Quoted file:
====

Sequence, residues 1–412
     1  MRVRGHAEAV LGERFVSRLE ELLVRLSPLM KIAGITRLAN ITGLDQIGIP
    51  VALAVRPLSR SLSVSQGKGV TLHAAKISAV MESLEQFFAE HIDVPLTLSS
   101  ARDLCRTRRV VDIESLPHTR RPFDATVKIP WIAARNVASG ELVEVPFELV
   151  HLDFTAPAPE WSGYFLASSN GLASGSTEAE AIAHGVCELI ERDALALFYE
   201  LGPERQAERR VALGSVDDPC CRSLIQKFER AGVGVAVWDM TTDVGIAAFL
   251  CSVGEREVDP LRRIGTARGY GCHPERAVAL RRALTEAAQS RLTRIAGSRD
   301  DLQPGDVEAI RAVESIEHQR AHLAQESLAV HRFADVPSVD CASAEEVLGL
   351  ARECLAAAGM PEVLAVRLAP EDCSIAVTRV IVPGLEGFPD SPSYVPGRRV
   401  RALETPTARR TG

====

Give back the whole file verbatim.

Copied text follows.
Sequence, residues 1–412
     1  MRVRGHAEAV LGERFVSRLE ELLVRLSPLM KIAGITRLAN ITGLDQIGIP
    51  VALAVRPLSR SLSVSQGKGV TLHAAKISAV MESLEQFFAE HIDVPLTLSS
   101  ARDLCRTRRV VDIESLPHTR RPFDATVKIP WIAARNVASG ELVEVPFELV
   151  HLDFTAPAPE WSGYFLASSN GLASGSTEAE AIAHGVCELI ERDALALFYE
   201  LGPERQAERR VALGSVDDPC CRSLIQKFER AGVGVAVWDM TTDVGIAAFL
   251  CSVGEREVDP LRRIGTARGY GCHPERAVAL RRALTEAAQS RLTRIAGSRD
   301  DLQPGDVEAI RAVESIEHQR AHLAQESLAV HRFADVPSVD CASAEEVLGL
   351  ARECLAAAGM PEVLAVRLAP EDCSIAVTRV IVPGLEGFPD SPSYVPGRRV
   401  RALETPTARR TG